Energy Community tracker: Western Balkans’ progress towards CBAM exemption

cbam uslovi prekogranicna taksa na co2 emisije trgovina

Photo: Andrew Martin from Pixabay


July 7, 2023






July 7, 2023





The Energy Community Secretariat has published the CBAM Readiness Tracker, with a focus on the progress made by the contracting parties regarding the conditions for the exemption from the European Union’s (EU) carbon border adjustment mechanism.

The CBAM Readiness Tracker assesses the steps made by the Western Balkans contracting parties – Albania, Bosnia, and Herzegovina, Kosovo*, Montenegro, North Macedonia, and Serbia – as well as Georgia, Moldova, and Ukraine, in fulfilling six conditions for CBAM exemption.

It also brings comprehensive insights into significant developments in their energy sectors regarding the achievement of the Energy Community 2030 climate and energy targets and the contracting parties’ progress in decarbonization, the secretariat said.

Regulation (EU) 2023/956 on the CBAM in the EU makes it possible to have electricity imports in the EU exempted, if the contracting party’s electricity market is coupled with the EU internal electricity market, and meets certain conditions related to climate and energy legislation.

These conditions include implementing an emissions trading system (ETS) by 2030 at least with regard to electricity, the secretariat said.

Related to these conditions, Secretariat Director Artur Lorkowski recently suggested that the contracting parties should coordinate their efforts, and warned that time is limited.

Agreement with EU

The first condition is a concluded agreement with the EU which sets out an obligation to apply EU law in the field of electricity, including the legislation on the development of renewable energy sources, as well as other rules in the area of energy, environment, and competition.

The condition is met by all the contracting parties having in mind that the Energy Community Treaty is an agreement signed between the EU and the contracting parties that obliges the latter to apply EU acquis on energy, renewables, environment, and competition.

Electricity market, renewables, and market coupling

cbam uslovi prekogranicna taksa na co2 termoelektrane oie

The implementation of the main provisions of EU electricity market legislation, including on the development of renewable energy sources and the coupling of electricity markets is the second condition. It consists of rules for the electricity market, renewables, and the coupling of electricity markets.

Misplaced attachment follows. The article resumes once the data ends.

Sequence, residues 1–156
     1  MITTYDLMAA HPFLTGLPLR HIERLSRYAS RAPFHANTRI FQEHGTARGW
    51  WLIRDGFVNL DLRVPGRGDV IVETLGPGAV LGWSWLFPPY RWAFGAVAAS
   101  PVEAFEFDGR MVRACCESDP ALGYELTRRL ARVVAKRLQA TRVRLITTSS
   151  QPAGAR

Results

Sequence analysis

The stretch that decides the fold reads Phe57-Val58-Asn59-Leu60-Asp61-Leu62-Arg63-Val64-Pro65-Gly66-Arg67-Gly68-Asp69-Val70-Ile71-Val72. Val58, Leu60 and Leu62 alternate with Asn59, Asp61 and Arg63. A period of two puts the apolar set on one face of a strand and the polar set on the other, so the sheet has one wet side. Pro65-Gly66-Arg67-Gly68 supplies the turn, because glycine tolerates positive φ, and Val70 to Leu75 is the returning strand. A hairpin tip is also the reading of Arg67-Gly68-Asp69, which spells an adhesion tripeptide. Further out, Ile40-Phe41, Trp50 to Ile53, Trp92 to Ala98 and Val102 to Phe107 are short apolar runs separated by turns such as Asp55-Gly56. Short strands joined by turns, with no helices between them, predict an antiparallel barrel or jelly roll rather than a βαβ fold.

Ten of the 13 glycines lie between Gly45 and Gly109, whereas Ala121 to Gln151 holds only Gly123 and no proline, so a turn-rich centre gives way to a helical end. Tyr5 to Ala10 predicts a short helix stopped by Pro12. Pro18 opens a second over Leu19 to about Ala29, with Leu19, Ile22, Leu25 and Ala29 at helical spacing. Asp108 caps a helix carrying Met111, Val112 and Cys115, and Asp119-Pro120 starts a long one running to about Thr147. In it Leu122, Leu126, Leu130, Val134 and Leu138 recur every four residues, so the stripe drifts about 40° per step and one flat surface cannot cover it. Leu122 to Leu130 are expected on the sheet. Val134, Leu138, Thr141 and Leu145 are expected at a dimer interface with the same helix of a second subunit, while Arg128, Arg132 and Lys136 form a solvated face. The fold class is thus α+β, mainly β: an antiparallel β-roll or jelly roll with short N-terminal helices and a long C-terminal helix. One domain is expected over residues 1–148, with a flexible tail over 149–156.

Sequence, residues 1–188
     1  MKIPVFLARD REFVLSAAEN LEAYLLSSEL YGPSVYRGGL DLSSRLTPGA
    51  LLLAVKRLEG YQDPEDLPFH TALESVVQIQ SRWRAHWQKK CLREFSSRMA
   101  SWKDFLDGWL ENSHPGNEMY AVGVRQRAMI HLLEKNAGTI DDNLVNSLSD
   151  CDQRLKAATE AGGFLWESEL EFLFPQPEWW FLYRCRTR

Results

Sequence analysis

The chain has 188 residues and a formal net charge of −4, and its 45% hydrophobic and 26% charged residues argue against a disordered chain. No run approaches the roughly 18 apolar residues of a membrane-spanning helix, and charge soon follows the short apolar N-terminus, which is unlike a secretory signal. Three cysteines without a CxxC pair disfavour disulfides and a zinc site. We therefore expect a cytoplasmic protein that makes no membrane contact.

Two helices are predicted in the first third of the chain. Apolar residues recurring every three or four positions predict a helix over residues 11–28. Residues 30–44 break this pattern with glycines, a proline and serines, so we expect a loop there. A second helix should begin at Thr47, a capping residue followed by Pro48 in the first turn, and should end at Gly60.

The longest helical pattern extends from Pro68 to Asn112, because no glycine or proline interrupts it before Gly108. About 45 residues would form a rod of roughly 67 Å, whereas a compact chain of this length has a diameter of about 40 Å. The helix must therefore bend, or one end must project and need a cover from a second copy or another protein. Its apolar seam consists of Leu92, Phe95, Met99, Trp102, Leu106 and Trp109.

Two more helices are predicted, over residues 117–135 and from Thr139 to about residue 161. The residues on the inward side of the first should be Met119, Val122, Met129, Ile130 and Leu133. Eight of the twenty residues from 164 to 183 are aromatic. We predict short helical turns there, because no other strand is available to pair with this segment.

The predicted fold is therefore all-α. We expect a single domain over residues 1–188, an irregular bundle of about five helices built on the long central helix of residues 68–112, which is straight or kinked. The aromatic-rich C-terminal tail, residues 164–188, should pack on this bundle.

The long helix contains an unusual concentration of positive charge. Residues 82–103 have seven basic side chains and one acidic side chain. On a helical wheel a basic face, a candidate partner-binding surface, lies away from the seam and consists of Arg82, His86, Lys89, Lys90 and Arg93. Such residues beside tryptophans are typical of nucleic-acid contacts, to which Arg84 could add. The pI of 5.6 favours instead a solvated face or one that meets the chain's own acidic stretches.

The latest EU electricity market acquis is fully incorporated in the Energy Community laws, while the deadline for transposition is December 31, 2023.

Serbia and Kosovo* are expected to submit draft laws for the secretariat’s review in July, and August, respectively. Other contracting parties have announced a delay in drafting, which is expected to result in missing the transposition deadline.

The RED II Directive has also been incorporated into the Energy Community laws. The deadline for transposition expired on December 31, 2022.

Albania, BiH, and North Macedonia have partially transposed the RED II. Kosovo* and Montenegro are in the process of preparing their first standalone renewables law, while Serbia has taken the necessary steps to adopt secondary legislation.

According to the tracker, no electricity market coupling between contracting parties or with the EU’s internal market for electricity has taken place yet.

The newly adopted Electricity Integration Package, namely the Electricity Regulation, the ACER Regulation, the CACM Regulation, and the Procedural Act on Regional Market Integration, sets a legal framework for the coupling of the contracting parties’ electricity markets into the EU single day-ahead coupling (SDAC) and intraday coupling (SIDC).

The deadline for the transposition of these acts by the parties is December 31, 2023, and all of them are currently working on it.

Roadmap for implementation

Countries interested in getting an exemption must also submit a roadmap to the Europen Commission which contains a timetable for the adoption of measures to implement the fourth and fifth conditions.